Background: We are using mariadb server with a mariadb-connector-cpp for establishing connection between clinet&server. At max we have 8000 rows of data (total num chars is 250 per row).

Exploring ways to optimize memory usage at the client side using setFetchSize(xxx) its info available in https://mariadb.com/kb/en/about-mariadb-connector-j/#streaming-result-sets.

Question 1: whether the results of the executed query stored on the server? Will be retrieved by the client on calling ResultSet.next() which internally communicates with the server?

Ex. can be found in the below section: with procedures "7.2.3 Using a Statement for a Stored Procedure That Returns a Result Set" from https://downloads.mysql.com/docs/connector-cpp-1.1-en.a4.pdf.

Question 2: Does setFetchSize() work only with Procedures implemented at the server or does normal executeQuery('select * from *') also has the same behavior retrieving a sub-set of results from the server?


sql::Driver* driver = sql::mariadb::get_driver_instance();
sql::SQLString url("jdbc:mariadb://");

sql::Properties properties;
properties["user"] = CUCP_MARIADB_SERVER_USERNAME;
properties["password"] = CUCP_MARIADB_SERVER_PASSWORD;

//establish connection
std::unique_ptr<sql::Connection> conn(driver->connect(url, properties));

//create a statement and execute
std::unique_ptr<sql::Statement> stmnt(conn->createStatement());
sql::ResultSet *res = stmnt->executeQuery("select User from user"); // for ex: 1000 entries are there in User column

// On every next, a request sent internally sent to server to get the results?
while (res->next()) {
    std::cout << ", user = " << res->getString(1);
delete res;

Internally how mariadb-client-connector-cpp client code fetch data? We want to reduce memory usage at the client application with a stream mechanism if possible.


1 Answer 1


The results of a query are not buffered anywhere on the server. That goes for the currently running statement. And the server simply doesn't run the second query until you have finished reading the first one and then called ResultSet.next, at which point the query is actually executed.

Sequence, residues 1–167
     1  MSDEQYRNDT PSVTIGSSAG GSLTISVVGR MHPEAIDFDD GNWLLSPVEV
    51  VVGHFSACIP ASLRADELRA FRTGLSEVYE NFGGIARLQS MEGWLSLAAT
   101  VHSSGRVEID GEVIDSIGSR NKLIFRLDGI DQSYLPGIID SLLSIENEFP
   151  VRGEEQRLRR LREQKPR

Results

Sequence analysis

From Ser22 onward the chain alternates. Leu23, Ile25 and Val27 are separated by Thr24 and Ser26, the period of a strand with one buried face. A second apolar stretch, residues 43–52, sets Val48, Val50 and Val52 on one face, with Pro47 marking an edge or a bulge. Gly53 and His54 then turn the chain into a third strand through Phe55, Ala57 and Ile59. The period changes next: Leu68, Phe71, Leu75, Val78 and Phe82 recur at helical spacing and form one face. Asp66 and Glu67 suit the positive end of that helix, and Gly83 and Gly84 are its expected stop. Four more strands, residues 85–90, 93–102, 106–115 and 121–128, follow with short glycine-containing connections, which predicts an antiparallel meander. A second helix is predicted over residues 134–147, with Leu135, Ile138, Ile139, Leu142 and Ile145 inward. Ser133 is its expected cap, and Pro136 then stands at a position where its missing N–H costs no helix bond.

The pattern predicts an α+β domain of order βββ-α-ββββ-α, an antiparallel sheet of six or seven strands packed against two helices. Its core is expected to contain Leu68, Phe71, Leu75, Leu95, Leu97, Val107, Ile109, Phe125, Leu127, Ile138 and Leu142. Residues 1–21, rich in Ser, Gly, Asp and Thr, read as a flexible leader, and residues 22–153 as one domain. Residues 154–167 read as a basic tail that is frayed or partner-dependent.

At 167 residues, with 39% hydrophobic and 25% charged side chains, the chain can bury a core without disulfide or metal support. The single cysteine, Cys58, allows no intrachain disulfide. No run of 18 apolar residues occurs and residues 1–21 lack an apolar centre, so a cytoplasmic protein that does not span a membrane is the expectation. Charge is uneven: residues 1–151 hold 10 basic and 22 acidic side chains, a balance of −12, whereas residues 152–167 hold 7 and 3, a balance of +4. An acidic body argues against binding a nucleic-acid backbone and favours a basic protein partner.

Even the first query is not stored anywhere, assuming you have a non-blocking plan (ie no sort or hashing). It's fed directly from the storage engine row-by-row.

setFetchSize meanwhile can optimize fetches in certain instances, by caching that many rows ahead in the client's memory. The server does not play a part in this. It's also only a hint, and is not always followed. If you want to reduce memory consumption (for some odd reason) then do not use this feature at all, as it sacrifices memory usage in order to fetch the rows quicker.

Having said that, your total resultset size is only about 2Mb, so not really worth thinking about unless you are working on some $10 chip from the 1990s.

  • Thanks for the response. The point is that there is no storage fo results at the server. The first 2 statements are confusing. "The results of a query are not stored anywhere on the server." - Means no storage and buffering of results. "The server simply doesn't run the second query until you have finished reading the first one" - This means that the server will not run another query even though no buffering of the results. Not sure why the server doesn't run if it is not buffering/storing results.
    – Rakesh
    Dec 5, 2023 at 5:21
  • Reworded it a bit. If you are still reading the first resultset it can't run the second one as it' can't buffer the results anywhere, it has to send them straight to you. Dec 5, 2023 at 10:10

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